Sunday, October 19, 2008

The Pain Trade

Among stock traders, discussion exists about 'the pain trade', that is, the market doing what will cause the most people the most pain. Red Sox fans know a little bit about that.

Having grown up in the sixties, I knew the Days of Hopelessness, eclipsed forever by 1967 and 'The Impossible Dream', where competitiveness replaced failure. To paraphrase John Wooden, "failure is not fatal, but failure to change can be."

Sox fans accepted the Gibson-Brock defeat of 1967 and the Big Red Machine rollover in 1975 with equanimity. The Shea It Ain't So debacle of 1986 seemed the final straw, until 2003 and Gradygate.

Of course, a pair of World Series victories erases a lot of heartache.

All of which brings us to the 2008 ALCS playoffs. Last night we got a little pain early, with the TBS BS that shut down their transmission and landed Steve Harvey in our laps. Harvey's Wallbangers 'OK' and Steve Harvey reruns NOT. Could the Sox carry momentum from Game 5's collapse of the Death Rays, or did momentum last as long as the next day's starting pitcher?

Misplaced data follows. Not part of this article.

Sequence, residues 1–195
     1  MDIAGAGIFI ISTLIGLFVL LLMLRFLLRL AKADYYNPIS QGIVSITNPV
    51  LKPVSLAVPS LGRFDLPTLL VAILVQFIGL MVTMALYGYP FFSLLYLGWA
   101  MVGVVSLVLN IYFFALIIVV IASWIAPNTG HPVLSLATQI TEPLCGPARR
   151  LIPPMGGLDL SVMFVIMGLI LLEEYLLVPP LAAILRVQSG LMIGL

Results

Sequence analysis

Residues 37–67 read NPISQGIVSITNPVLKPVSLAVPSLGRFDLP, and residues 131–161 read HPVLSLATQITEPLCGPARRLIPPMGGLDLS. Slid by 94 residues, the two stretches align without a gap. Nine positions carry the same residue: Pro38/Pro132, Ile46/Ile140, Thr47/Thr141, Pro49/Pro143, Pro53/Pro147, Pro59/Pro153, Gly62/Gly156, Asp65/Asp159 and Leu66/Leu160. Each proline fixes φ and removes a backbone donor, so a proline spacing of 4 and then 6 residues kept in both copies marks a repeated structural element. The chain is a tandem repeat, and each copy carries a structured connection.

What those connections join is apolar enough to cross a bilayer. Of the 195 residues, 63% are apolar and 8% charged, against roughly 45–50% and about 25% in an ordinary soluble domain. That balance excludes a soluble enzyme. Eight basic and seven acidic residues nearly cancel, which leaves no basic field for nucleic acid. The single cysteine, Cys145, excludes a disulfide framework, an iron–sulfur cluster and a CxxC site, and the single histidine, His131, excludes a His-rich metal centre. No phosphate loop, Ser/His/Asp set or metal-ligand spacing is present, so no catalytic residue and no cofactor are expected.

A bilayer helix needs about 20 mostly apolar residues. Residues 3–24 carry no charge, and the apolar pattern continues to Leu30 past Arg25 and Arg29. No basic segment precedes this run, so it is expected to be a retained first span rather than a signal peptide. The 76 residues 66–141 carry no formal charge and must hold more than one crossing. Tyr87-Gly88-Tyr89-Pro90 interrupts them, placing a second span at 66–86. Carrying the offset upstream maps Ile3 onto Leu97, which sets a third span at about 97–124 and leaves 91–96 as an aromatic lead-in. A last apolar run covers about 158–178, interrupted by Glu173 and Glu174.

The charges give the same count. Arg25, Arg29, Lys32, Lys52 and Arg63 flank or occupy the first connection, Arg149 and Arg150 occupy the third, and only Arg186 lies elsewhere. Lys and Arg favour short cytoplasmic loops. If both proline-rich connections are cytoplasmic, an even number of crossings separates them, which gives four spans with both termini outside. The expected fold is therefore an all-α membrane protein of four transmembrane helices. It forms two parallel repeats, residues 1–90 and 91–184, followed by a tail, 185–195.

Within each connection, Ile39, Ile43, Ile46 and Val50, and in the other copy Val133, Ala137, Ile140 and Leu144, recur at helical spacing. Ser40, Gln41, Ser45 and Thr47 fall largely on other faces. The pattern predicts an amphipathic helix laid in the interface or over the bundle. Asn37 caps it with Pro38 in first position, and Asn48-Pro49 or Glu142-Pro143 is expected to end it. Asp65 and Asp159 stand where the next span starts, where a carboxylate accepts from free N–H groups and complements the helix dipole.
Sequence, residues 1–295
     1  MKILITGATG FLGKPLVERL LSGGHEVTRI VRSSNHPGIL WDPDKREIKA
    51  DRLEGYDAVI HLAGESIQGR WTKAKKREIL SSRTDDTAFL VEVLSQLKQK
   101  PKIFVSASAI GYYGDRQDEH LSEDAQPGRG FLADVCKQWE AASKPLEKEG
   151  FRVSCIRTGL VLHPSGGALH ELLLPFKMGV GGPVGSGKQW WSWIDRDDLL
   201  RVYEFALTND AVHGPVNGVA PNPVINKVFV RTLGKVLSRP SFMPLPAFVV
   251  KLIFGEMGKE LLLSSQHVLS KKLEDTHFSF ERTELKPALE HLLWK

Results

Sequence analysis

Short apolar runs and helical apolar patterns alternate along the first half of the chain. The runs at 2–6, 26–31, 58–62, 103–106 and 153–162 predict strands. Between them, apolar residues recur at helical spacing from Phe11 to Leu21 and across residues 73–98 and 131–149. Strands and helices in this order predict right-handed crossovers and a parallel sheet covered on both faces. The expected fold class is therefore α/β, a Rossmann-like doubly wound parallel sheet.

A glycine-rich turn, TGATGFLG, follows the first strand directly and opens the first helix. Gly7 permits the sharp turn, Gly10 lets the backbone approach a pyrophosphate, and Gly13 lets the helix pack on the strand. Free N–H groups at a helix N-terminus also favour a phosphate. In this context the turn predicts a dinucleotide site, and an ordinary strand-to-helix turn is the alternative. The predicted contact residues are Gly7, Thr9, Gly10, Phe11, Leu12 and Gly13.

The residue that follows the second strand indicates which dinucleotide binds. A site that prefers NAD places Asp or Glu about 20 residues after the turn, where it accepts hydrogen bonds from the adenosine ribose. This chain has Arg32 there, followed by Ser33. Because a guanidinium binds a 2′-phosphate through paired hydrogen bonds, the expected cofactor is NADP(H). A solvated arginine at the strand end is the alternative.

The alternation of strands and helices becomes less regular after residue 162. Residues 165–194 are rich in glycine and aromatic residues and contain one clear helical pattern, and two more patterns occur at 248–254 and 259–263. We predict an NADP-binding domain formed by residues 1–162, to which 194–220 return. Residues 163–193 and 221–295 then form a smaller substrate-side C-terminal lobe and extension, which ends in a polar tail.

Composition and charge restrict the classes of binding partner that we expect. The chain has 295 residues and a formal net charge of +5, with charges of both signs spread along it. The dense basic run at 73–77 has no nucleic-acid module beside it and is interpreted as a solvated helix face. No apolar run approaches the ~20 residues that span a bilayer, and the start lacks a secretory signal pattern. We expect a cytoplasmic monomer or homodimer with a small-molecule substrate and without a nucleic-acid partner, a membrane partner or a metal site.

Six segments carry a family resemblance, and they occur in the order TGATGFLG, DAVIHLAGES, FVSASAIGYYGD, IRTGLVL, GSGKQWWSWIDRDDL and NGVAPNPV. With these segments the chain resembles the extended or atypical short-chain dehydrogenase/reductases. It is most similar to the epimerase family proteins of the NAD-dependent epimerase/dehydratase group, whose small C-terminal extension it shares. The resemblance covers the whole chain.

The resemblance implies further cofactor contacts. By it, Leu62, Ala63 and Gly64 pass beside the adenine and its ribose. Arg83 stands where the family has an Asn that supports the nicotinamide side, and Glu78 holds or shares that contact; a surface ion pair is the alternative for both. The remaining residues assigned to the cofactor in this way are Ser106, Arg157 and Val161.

The Rays got where they are despite a series of potentially crippling injuries to Crawford and Longoria, because of solid starting pitching, excellent defense that has betrayed them in the ALCS, and young talent. The Sox limp into the playoffs with Josh Beckett hurting, Mike Lowell awaiting surgery, and David Ortiz coping with a season-long wrist injury.

Lee Trevino used to say that pressure was playing a 5 dollar Nassau with 2 dollars in your pocket. The Sox have played with house money after Game 5s miracle comeback. For Jon Lester, a survivor of aggressive cancer, pressure means fighting off nausea, immune deficiency from chemotherapy, and suffering through what a lineup of oncologists can bring. Whatever the outcome tonight, pressure is not the cause. Lester knows more about the pain trade than most of us will ever know.

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